Guy, the Hammerklavier is, ‘the guiding
thread of my artistic quest and the centre of gravity around
which my repertoire is structured’ (taken
from the booklet for the present CD). Guy has played this
work over sixty times in public and even boasts a previous
recording (1997, Harmonia Mundi). He is aware that the present
one might not be his final effort, either!
My last encounter with this pianist - in Brahms in 2004 -
left me decidedly underwhelmed (see review).
I am not sure Guy’s Beethoven is sufficiently convincing
to change my ideas although there are more positives here
than previously. The recording is clear yet there is a very
slightly soft, almost felty feel to the opening of the ‘Hammerklavier’ (the
producer/engineer/editor was Laure Casenave-Péré).
The Hammerklavier actually improves as it progresses.
Guy loses momentum in the first movement - around 6:20 especially
- and overall there is little of the excitement that Pollini
(DG) generates. The second movement, too, is rather clunky
and clumsy; Gilels on DG is perhaps supreme here. It is only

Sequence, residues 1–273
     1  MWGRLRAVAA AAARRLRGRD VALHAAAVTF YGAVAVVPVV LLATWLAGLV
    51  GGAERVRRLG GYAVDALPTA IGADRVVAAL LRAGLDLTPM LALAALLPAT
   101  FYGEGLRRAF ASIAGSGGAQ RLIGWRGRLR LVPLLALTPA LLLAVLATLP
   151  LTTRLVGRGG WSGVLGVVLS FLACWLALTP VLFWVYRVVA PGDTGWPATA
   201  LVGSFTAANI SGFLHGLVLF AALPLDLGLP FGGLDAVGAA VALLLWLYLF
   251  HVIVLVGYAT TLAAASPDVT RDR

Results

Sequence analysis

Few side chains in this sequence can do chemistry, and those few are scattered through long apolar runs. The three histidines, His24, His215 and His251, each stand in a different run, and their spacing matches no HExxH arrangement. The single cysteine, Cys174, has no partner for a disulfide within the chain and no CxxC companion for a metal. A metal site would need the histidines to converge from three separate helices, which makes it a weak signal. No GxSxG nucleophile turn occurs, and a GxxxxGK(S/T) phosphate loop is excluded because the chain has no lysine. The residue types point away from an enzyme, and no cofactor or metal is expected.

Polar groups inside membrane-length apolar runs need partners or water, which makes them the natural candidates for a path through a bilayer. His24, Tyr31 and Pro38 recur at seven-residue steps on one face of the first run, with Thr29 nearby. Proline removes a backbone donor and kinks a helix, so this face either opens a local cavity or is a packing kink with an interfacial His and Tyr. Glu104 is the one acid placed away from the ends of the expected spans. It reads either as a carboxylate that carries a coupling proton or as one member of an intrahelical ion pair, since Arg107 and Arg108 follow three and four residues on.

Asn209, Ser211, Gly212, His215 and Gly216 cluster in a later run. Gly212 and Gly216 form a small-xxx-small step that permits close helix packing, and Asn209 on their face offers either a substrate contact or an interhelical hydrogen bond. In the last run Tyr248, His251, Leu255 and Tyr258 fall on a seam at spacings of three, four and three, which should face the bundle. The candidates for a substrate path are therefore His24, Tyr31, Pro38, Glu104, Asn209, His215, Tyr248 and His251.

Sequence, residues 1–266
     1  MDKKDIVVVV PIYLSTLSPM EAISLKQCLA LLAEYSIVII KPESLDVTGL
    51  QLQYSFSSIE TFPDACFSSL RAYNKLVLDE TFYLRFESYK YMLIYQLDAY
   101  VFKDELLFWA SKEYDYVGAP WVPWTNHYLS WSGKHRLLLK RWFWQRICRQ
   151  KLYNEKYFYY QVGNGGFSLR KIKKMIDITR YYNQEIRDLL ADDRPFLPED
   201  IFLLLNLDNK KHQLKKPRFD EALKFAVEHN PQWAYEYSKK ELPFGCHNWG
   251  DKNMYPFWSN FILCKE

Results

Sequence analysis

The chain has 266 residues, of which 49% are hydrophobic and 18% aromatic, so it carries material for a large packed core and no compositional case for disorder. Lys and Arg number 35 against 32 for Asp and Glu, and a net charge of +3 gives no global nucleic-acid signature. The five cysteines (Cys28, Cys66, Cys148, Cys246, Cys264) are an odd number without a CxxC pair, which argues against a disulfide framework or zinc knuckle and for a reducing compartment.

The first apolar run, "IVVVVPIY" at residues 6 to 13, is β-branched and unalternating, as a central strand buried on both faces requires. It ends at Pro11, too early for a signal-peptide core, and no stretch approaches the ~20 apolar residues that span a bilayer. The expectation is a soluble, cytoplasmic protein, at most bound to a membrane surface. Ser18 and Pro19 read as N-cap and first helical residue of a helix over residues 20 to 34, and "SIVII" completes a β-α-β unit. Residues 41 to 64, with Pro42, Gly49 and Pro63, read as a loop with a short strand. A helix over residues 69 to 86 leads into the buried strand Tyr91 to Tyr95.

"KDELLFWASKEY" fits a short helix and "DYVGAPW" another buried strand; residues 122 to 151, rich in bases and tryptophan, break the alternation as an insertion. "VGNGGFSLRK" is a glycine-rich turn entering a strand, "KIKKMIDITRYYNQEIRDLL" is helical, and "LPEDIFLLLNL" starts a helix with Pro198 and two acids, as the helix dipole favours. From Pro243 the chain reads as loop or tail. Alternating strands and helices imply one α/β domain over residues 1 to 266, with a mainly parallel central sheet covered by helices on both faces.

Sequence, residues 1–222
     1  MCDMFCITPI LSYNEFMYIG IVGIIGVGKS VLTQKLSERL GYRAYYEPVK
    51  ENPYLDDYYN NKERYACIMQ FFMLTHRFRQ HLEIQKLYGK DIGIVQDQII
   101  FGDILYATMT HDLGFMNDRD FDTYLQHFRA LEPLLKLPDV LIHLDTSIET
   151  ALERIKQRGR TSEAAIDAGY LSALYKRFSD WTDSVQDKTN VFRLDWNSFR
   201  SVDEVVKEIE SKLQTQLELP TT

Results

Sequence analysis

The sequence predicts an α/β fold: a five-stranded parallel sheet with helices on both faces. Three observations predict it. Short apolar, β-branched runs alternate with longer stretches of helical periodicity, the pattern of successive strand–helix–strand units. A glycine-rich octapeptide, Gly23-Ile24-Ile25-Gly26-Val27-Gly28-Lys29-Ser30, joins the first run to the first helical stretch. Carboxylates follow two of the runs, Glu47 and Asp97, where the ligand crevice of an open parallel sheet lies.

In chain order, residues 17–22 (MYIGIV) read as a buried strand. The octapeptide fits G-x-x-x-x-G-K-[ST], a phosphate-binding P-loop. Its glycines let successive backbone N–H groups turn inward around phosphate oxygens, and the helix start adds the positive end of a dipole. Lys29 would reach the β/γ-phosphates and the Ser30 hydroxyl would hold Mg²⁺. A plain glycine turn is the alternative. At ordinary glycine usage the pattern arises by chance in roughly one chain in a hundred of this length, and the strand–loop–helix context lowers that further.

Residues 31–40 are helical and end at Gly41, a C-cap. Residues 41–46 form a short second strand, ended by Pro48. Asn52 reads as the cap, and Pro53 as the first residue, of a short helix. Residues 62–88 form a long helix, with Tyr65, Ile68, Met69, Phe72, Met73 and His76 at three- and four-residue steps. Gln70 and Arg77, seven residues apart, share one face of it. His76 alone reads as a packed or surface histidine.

with the great ‘Adagio sostenuto’ that Guy raises his game.
This is very interior playing and if there remain carps -
chording at around 1:38 is not exactly together, for example
- at least the stillness at the heart of the music is there.
The infamous fugal finale is technically fine, exuding a
Bachian care and clarity. Yet the placatory passage around
8:37 ff loses its effect. There is a large list of
fine Hammerklaviers. This version does not join them,
The Pathétique begins well - it actually starts the
disc - heavy and full of import. If much of the Allegro is
merely good rather than anything special, it has to be conceded
that the return of the Grave emerges as a masterstroke.
As if to continue this rather strange mix of the fine with
the commonplace, the famous Adagio cantabile is blessed with
a fine singing melody counterbalanced by a thoroughly mundane
accompaniment. The finale is Guy’s best Beethoven so far,
light and fleet - is he making a deliberate link to Mozart
here? - and goes some way towards redeeming the Sonata. It
certainly takes this performance marginally above the one
on Pentatone by Mischa
Dichter – recently reviewed by me.
Finally, the G minor Sonata, Op. 19 No. 1. The first movement
is marked ‘Andante’ and Guy seems to want to place it next
to Haydn. The delicacy is really quite appealing, as is the
staccato touch he finds for the finale. It is not enough
to redeem a disc that in the main makes me ask why a company
as intelligent as Naïve is so fully behind an artist who
seems to be nothing special?
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Seen & Heard
Editor in Chief